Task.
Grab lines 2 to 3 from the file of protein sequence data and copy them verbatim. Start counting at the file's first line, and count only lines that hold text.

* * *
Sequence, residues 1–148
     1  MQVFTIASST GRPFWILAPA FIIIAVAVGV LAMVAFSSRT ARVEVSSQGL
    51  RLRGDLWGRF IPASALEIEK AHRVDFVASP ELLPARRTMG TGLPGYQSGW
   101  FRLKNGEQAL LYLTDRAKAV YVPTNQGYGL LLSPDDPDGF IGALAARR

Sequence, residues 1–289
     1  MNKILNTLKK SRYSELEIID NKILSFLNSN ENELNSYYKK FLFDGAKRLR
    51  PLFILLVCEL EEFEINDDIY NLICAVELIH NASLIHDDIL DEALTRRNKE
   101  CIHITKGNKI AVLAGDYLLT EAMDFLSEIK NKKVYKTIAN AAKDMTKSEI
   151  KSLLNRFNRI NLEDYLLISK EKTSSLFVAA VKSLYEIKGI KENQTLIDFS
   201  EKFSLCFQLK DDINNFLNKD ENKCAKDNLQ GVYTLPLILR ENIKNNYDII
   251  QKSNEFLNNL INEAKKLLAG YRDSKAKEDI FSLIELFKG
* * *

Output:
     1  MQVFTIASST GRPFWILAPA FIIIAVAVGV LAMVAFSSRT ARVEVSSQGL
    51  RLRGDLWGRF IPASALEIEK AHRVDFVASP ELLPARRTMG TGLPGYQSGW